And now I’m moving on to two books, the first of which is Ruth Ozeki’s The Face: A Time Code, which is about … Ruth Ozeki’s face. I’ve only just begun, but she decides to spend three hours looking at her face in the mirror and writing about the results. This is part of a series of short books on writers and their faces, with two others in the series so far by Chris Abani and Tash Aw. I love the concept. The other book is Women by Chloe Caldwell, another short book, in this case a novella. It’s fiction, but it’s the kind of fiction that reads like it could be essay or memoir: it’s first person and about real-life experiences  and focused on relationships and identity. It’s good so far. I loved reading the Booker long list fiction, but now I’m loving not reading the Booker long list fiction.


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(Wo)Man Booker Shadow Panel: Our Short List!

The results are in! Yes, the “real” Man Booker short list gets revealed on Tuesday, but that’s only what those “official” judges think. I think our list is going to be at least as good. I was surprised to find that we didn’t struggle much to come up with this list — no feuds began or friendships ended (at least I don’t think so…). Yes, we did disagree about many of the books, but the results seemed almost inevitable after six weeks of reading and discussing the possibilities. We got to know each other’s opinions well.

Or maybe I feel like everything went smoothly largely because the group short list is remarkably similar to my own personal short list. In fact, five of the books are the same, and the sixth I could easily have switched out to make them completely the same. I don’t think this has to do with any superior powers of insight or persuasion on my part, though; I just happened to hold opinions two or three other people held often enough to get my way most of the time.

So! Here’s the list, in alphabetical order by author:

  1. The Sellout, by Paul Beatty
  2. The North Water, by Ian McGuire
  3. The Many, by Wyl Menmuir
  4. Eileen, by Ottessa Moshfegh
  5. My Name is Lucy Barton, by Elizabeth Strout
  6. All That Man Is, by David Szalay

The only change from my list is to include The North Water instead of Hot Milk. But I like this list just fine. What do you think?


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(Wo)Man Booker Shadow Panel: my personal short list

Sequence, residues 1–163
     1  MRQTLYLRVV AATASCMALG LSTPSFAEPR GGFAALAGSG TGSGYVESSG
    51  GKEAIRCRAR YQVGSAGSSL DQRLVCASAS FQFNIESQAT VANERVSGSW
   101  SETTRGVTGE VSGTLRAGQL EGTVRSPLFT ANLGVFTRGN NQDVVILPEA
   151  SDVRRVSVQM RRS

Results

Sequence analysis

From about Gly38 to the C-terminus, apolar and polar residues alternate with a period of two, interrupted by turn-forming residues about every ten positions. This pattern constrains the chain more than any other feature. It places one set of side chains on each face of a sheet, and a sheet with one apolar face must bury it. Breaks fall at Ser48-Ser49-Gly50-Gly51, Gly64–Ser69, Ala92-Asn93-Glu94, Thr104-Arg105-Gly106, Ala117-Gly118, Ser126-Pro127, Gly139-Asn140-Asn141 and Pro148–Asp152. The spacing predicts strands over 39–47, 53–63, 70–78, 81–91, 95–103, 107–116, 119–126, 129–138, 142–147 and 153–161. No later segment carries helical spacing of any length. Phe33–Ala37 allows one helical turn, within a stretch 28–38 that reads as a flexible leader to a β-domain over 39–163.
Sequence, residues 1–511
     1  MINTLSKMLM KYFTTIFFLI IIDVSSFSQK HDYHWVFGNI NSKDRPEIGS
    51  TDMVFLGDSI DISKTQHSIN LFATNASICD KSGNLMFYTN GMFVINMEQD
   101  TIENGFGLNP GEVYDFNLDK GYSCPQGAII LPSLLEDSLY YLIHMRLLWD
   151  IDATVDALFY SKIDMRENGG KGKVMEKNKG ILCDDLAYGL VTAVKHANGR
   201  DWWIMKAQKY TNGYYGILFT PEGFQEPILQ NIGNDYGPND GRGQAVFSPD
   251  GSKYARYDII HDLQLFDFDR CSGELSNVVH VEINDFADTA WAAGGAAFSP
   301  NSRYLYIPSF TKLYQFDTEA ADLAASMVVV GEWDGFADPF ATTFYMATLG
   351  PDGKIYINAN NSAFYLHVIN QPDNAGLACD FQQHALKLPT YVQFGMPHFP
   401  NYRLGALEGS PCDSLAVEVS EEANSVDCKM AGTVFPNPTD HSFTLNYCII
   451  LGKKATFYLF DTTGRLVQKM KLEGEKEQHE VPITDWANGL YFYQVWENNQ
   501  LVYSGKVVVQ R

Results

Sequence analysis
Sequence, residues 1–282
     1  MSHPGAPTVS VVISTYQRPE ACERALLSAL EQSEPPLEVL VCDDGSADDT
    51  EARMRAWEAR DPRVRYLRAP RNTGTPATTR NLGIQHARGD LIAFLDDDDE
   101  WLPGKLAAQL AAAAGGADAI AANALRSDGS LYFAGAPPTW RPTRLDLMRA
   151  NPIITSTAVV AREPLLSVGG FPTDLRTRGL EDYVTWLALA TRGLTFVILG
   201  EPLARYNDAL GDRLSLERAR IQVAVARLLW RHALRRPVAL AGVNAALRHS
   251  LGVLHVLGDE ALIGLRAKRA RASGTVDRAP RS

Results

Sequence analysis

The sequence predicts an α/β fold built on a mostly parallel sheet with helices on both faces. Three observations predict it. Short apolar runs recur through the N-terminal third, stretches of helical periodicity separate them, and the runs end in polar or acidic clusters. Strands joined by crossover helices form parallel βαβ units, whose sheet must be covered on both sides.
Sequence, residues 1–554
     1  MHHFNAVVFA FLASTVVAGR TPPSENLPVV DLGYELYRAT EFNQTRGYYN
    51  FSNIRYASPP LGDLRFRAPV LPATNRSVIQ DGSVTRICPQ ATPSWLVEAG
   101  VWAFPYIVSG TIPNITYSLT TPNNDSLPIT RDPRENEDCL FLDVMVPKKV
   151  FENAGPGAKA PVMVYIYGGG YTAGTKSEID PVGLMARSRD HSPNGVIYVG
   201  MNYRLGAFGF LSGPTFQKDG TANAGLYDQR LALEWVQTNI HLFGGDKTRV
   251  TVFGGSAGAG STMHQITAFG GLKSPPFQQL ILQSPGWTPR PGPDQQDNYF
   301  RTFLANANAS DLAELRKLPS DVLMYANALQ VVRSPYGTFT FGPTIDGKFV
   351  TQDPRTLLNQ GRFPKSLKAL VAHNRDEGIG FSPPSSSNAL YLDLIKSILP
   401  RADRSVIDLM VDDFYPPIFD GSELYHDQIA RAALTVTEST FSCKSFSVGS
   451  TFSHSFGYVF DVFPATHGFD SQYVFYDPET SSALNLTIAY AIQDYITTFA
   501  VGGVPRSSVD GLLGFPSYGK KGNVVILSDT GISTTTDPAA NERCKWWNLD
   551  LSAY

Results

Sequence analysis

The official Man Booker short list will be announced soon (Tuesday, September 13th), and the Shadow Panel reading is wrapping up. We’ll publish our short list on Monday. But today I’ll give my personal list, with the one caveat that I wasn’t able to read J.M. Coetzee’s The Schooldays of Jesus because my copy didn’t arrive on time (it still isn’t here). This is very frustrating, as Coetzee is an important writer who seems likely (to me) to make the short list, and I wanted to have the chance to consider it for inclusion myself. The problem is that the rules allow the judges to consider any book published in the U.K. by September 30th, 2016, which means it’s possible for them to choose a book no one (except those with ARCs) is able to read right away. Coetzee’s publishers decided to move up the U.K. publication date once the long list was announced, but this still didn’t allow quite enough time for me to get the book. I might have had it on time, but either the Book Depository messed up, or the postal service messed up, and, yes, I’m still annoyed about it. Grrrr.

Not getting to read the Coetzee is also frustrating because the long list wasn’t terribly strong, and I would have loved to have another book to consider for my short list. There were definitely some books I loved and some I liked, but by the time I got to the end of my list of six books, I was losing enthusiasm for my available choices. Basically, the sensibility of the judges doesn’t overlap with my own all that much, and I think it’s safe to say that this is true for the other members of the shadow panel as well. Surely there are better books published in the last year?? I haven’t read widely in fiction of the last year, but … surely?? I wish we could see the entire list of contenders, the 155 books submitted by publishers for consideration, to help figure out why they chose these 13 books.

At any rate! Below is my list, roughly in order of preference:

  1. The Sellout, by Paul Beatty
  2. Eileen, by Ottessa Moshfegh
  3. My Name is Lucy Barton, by Elizabeth Strout
  4. All That Man Is, by David Szalay
  5. The Many, by Wyl Menmuir
  6. Hot Milk, by Deborah Levy